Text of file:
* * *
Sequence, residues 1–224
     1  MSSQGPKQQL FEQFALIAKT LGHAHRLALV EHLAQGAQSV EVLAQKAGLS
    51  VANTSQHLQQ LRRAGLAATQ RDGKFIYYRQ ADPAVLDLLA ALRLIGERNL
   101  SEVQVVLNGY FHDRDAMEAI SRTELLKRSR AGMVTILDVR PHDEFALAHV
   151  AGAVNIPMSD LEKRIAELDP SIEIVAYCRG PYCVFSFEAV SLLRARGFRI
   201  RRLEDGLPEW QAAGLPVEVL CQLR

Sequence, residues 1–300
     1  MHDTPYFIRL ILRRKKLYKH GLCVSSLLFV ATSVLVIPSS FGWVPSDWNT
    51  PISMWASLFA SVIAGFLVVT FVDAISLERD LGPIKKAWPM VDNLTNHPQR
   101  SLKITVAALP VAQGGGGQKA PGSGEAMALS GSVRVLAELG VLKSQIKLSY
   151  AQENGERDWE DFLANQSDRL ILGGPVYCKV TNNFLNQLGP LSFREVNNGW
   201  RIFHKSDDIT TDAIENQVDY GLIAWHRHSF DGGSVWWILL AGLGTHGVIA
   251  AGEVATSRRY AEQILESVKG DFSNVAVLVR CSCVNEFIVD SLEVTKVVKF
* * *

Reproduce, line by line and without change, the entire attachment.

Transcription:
Sequence, residues 1–224
     1  MSSQGPKQQL FEQFALIAKT LGHAHRLALV EHLAQGAQSV EVLAQKAGLS
    51  VANTSQHLQQ LRRAGLAATQ RDGKFIYYRQ ADPAVLDLLA ALRLIGERNL
   101  SEVQVVLNGY FHDRDAMEAI SRTELLKRSR AGMVTILDVR PHDEFALAHV
   151  AGAVNIPMSD LEKRIAELDP SIEIVAYCRG PYCVFSFEAV SLLRARGFRI
   201  RRLEDGLPEW QAAGLPVEVL CQLR

Sequence, residues 1–300
     1  MHDTPYFIRL ILRRKKLYKH GLCVSSLLFV ATSVLVIPSS FGWVPSDWNT
    51  PISMWASLFA SVIAGFLVVT FVDAISLERD LGPIKKAWPM VDNLTNHPQR
   101  SLKITVAALP VAQGGGGQKA PGSGEAMALS GSVRVLAELG VLKSQIKLSY
   151  AQENGERDWE DFLANQSDRL ILGGPVYCKV TNNFLNQLGP LSFREVNNGW
   201  RIFHKSDDIT TDAIENQVDY GLIAWHRHSF DGGSVWWILL AGLGTHGVIA
   251  AGEVATSRRY AEQILESVKG DFSNVAVLVR CSCVNEFIVD SLEVTKVVKF